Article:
The next development in introspective observation is one of singling out the thoughts. Up to this point the thoughts have been observed as a continuous stream, but now they are separated as distinct from one another. This is found, of course, to introduce a certain amount of artificial interference with the free flow of thoughts. In trying to observe each thought, one should make sure that the vague beginning, the rise, the highest peak, the fall, and the vague disappearance of each thought are well observed. Similarly, the next thought is taken as a separate entity and the student likewise follows its course. This procedure, according to yoga, reveals the fact that, although our thoughts appear to be continuous, in reality they are discrete.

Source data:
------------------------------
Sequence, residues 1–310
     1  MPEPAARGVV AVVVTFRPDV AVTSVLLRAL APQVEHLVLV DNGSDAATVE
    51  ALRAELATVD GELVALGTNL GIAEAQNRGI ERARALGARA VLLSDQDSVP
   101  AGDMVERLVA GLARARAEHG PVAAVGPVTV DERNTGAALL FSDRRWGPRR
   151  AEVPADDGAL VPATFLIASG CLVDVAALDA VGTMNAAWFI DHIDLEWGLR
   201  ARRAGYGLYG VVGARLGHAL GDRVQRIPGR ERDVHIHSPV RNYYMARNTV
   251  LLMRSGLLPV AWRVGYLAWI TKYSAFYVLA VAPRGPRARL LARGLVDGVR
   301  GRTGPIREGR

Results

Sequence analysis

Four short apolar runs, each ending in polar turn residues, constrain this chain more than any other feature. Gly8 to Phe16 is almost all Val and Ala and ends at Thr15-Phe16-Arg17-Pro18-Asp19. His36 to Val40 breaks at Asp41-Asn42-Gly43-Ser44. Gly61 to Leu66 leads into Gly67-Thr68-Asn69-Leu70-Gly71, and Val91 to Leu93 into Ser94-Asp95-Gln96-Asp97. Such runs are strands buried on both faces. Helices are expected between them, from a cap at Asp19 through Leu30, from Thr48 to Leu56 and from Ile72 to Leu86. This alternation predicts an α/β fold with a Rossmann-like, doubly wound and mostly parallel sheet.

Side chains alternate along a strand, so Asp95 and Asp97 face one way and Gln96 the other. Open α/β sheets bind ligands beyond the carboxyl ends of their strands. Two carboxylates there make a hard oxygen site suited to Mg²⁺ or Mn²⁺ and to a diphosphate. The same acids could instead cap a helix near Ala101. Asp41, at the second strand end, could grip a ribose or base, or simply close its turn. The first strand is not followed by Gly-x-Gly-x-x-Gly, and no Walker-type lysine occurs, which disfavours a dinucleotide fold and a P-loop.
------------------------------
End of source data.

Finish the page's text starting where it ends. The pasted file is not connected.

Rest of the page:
Next, attention is to be directed to the interval between succeeding thoughts. One can understand the [BK 219] yogic contention that the most important part of this stage begins with the observation of the vacuous gap between successive thoughts, when one realizes that their immediate aim is to make the citta (mind) calm and still. Since thoughts are the fluctuations or modifications of the mind-stuff, it is impossible to reach this goal until they are eliminated. The interval, however, is free from fluctuations and consequently it is to the yogins a good handle, as it were, for the prolongation of the vacuous state and the suppression of the rising thought. He who succeeds in this endeavor may be said to be well on his way to succeed in yoga. The idea that the pure self lies hidden behind the thoughts is conveyed by a metaphor in which the mind is compared to a necklace of beads where every bead is a thought. The thread runs through all the beads, but its existence, because it is covered by the beads, is not obvious. By separating two beads the hidden thread is bared. Likewise, when the gap between two thoughts is prolonged, one gets a “taste” of what the pure self is like. All the studied introspective efforts of yoga, therefore, are only attempts to bring the mind to a thoughtless state which is then prolonged.